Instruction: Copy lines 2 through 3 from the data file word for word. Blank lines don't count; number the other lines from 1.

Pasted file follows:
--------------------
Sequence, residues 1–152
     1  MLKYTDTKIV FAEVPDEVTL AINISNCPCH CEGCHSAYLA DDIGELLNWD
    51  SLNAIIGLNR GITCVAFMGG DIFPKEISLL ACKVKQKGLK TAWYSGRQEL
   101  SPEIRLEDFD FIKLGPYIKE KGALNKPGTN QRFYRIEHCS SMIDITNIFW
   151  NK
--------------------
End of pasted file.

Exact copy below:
     1  MLKYTDTKIV FAEVPDEVTL AINISNCPCH CEGCHSAYLA DDIGELLNWD
    51  SLNAIIGLNR GITCVAFMGG DIFPKEISLL ACKVKQKGLK TAWYSGRQEL